Labour puts pressure on Reilly to ensure health managers deliver savings
Tension over fiscal plan between Reilly and Minister for Public Expenditure prolonged
Minister for Health James Reilly: “We will provide whatever political support is required for Dr Reilly to get on with the business, but he does have to get on with it,” said a senior Labour source. Photograph: Gareth Chaney/Collins
Although Dr Reilly has been under political pressure since before budget day to make certain that big savings are achieved, health managers continue to question the validity of the assumptions set out on October 15th.
This has served to prolong tension over the 2014 fiscal plan between Dr Reilly and Minister for Public Expenditure Brendan Howlin, whose officials are overseeing health expenditure.
Labour is backing Dr Reilly but there is frustration in the junior Coalition party that the wrangling over the health budget continues, a fortnight after the plan was unveiled.
This follows a long and difficult budget negotiation in which Dr Reilly’s estimate was not settled until the very last minute, and only then at a special meeting with Taoiseach Enda Kenny and Tánaiste Eamon Gilmore.
“We will provide whatever political support is required for Dr Reilly to get on with the business, but he does have to get on with it,” said a senior Labour source.
Although health chiefs are warning that cuts might have to rise next year to €1 billion from the €666 million set out on budget day, the senior Labour source said there was no scope to rework the fiscal plan.
“The department and the Minister should simply get on with implementing budgetary decisions.”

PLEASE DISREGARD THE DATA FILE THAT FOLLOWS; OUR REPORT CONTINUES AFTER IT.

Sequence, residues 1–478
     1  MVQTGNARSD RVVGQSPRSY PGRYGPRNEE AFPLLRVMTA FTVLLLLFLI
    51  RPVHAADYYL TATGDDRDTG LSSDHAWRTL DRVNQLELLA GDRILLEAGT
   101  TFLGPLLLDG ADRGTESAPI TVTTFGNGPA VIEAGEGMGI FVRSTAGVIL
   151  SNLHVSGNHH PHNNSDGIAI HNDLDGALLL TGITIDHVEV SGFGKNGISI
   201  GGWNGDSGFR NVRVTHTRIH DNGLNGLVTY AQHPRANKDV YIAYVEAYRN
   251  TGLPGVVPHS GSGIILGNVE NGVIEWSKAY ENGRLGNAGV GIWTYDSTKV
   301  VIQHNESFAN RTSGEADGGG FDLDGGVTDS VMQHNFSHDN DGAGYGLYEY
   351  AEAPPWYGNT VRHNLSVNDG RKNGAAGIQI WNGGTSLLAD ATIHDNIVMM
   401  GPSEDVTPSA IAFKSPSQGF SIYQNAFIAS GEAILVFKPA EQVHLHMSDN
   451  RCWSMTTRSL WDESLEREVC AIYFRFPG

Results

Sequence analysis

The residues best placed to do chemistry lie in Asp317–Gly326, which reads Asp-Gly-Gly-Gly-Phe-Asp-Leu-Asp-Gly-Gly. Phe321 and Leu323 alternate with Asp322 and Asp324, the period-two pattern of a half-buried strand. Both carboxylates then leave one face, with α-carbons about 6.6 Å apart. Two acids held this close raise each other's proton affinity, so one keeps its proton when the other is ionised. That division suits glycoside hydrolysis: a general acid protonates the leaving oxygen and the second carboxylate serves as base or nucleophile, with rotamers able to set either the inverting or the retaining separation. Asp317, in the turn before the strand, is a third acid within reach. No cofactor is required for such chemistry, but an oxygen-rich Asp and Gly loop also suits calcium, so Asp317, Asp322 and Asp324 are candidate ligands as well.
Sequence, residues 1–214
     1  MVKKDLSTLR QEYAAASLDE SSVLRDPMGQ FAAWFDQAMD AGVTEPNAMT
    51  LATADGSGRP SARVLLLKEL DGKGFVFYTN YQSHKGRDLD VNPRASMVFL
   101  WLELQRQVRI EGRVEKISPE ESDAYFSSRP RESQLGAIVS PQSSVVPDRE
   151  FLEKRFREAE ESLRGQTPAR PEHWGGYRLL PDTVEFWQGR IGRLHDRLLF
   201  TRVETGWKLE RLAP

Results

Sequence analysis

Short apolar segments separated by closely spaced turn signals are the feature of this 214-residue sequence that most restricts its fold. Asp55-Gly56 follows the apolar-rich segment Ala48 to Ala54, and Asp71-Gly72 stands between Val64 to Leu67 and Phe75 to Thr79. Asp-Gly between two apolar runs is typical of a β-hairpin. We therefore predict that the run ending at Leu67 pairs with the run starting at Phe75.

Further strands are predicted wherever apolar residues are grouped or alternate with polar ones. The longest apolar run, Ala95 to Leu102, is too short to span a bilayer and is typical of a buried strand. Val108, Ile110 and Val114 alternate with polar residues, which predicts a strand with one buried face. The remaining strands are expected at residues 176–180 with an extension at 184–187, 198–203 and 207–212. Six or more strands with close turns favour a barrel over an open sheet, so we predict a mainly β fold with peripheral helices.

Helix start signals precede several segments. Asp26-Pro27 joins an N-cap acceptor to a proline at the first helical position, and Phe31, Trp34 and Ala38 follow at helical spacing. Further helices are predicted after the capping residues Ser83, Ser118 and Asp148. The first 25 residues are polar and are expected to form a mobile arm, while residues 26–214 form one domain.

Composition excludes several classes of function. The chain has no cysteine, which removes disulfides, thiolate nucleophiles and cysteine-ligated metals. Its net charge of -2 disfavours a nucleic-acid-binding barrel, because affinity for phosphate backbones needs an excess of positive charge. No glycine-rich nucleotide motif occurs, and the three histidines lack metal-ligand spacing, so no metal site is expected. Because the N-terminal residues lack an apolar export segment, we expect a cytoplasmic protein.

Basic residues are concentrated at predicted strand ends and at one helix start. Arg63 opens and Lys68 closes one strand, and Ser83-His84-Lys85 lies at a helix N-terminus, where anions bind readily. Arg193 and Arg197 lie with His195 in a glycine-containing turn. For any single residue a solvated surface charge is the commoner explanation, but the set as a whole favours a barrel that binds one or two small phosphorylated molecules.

The attitude on the Fine Gael side is that Dr Reilly is doing a challenging job and that reform is urgently required in the health service.
The health managers’ concerns centre on targeted pay-related savings from the Haddington Road agreement and projected savings from a “probity” review of the medical card scheme.
Doubt as to whether the required savings can be made have, in turn, led to questions over funding for a planned maternity services upgrade in the wake of the Savita Halappanavar case and the execution of a new deal on doctors’ working time rules.
Such concerns have come to the fore as work continues on a statutory health service plan for 2014, which much be produced about three weeks after the budget.
They are made all the worse by the fact that a supplementary health estimate is likely to be needed this year to make up for an ongoing deficit.
Although serious questions have been raised as to whether promised but unfunded new services can be delivered next year without making a new round of unbudgeted health cutbacks elsewhere, the Government continues to insist on the validity of the budget as cast.
“The service plan will be delivered as is required. It is designed to put patients at the centre of the health service,” the Government spokesman said.